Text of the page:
The once-per-decade Congressional redistricting substantially altered the map and the lineup in Massachusetts. The historic, Lowell-centric Fifth Congressional District is now the Third, gaining Fitchburg and a number of other communities in northern Worcester County while keeping the core Merrimack Valley portion of the district largely intact, aside from Billerica and Tewksbury which are now part of the Sixth District. Outside of our area, redistricting caused two long-time incumbents, John Olver and Barney Frank, to announce they would not seek reelection this year.

The UMass Lowell physical renaissance continued with substantial progress apparent in the construction of two new buildings, the Health and Social Science Building on South Campus and the Emerging Technologies and Innovation Center on North Campus. In January, UML purchased the former St Joseph’s Hospital and the revitalized Tsongas Center and UML Inn & Conference are drawing more and more folks to downtown Lowell.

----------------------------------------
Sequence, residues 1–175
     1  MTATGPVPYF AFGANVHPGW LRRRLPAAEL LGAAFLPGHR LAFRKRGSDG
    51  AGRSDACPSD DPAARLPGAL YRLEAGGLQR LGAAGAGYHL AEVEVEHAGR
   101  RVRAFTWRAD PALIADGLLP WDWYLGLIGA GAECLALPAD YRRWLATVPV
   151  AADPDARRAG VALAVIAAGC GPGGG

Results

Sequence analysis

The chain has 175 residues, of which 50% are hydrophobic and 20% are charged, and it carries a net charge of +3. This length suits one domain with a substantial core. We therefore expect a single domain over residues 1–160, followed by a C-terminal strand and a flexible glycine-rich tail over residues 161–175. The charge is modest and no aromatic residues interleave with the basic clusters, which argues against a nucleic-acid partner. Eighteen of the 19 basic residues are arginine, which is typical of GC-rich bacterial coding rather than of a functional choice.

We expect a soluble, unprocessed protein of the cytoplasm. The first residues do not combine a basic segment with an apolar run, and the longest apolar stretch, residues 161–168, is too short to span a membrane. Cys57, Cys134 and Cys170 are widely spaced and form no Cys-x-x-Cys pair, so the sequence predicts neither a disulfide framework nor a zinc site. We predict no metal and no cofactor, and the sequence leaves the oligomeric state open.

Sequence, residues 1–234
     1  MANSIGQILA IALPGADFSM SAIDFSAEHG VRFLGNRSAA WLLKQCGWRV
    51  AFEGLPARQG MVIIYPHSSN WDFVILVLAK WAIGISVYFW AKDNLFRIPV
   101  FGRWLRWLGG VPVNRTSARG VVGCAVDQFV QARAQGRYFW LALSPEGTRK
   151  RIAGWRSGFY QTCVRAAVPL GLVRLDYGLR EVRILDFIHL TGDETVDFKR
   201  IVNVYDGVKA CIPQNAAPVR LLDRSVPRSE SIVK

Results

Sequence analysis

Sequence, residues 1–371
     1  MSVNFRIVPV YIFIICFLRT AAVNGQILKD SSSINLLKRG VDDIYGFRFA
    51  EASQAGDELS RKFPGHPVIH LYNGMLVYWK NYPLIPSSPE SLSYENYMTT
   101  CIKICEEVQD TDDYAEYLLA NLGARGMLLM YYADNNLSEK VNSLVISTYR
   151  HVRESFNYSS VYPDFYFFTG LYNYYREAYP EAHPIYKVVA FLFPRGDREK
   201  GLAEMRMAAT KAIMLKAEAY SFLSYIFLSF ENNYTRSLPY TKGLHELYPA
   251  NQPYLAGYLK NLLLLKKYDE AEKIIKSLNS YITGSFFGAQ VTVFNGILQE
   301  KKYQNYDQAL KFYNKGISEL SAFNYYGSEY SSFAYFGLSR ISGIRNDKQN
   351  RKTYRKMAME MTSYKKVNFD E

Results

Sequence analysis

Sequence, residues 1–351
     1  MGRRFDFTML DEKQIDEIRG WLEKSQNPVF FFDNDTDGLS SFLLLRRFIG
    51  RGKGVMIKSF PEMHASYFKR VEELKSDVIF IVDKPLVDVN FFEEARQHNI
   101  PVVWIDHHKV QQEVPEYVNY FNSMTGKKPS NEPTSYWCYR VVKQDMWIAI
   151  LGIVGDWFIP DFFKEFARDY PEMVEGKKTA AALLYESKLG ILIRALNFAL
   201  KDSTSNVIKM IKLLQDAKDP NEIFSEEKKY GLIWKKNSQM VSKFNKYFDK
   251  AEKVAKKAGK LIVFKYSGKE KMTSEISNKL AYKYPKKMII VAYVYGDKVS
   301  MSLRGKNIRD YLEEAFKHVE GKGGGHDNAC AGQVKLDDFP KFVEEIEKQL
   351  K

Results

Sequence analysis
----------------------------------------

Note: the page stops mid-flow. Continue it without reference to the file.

After a contentious and controversial period of negotiations with the School Committeee, Lowell Public Schools Superintendent Chris Scott decided not to seek a renewal of her contract. She was succeeded by Jean Franco.

Lowell City Clerk Rick Johnson was charged with taking money and resigned from office. Former City Councilor Mike Geary was elected to succeed him.

Mike McLaughlin, whose strong ties with Greater Lowell include past employment with the Lowell Housing Authority, the Dracut School Department and who was formerly a candidate for Lowell City Council and Lowell City Manager, was the subject of a Boston Globe expose on the astounding salary and benefits he received as Director of the Chelsea Housing Authority. The negative publicity surrounding McLaughlin may have tainted the future political prospects of Lt Governor Tim Murray, who had close contacts with McLaughlin and perhaps even Scott Harshbarger, who allegedly sought to intervene with Governor Patrick on McLaughlin’s behalf.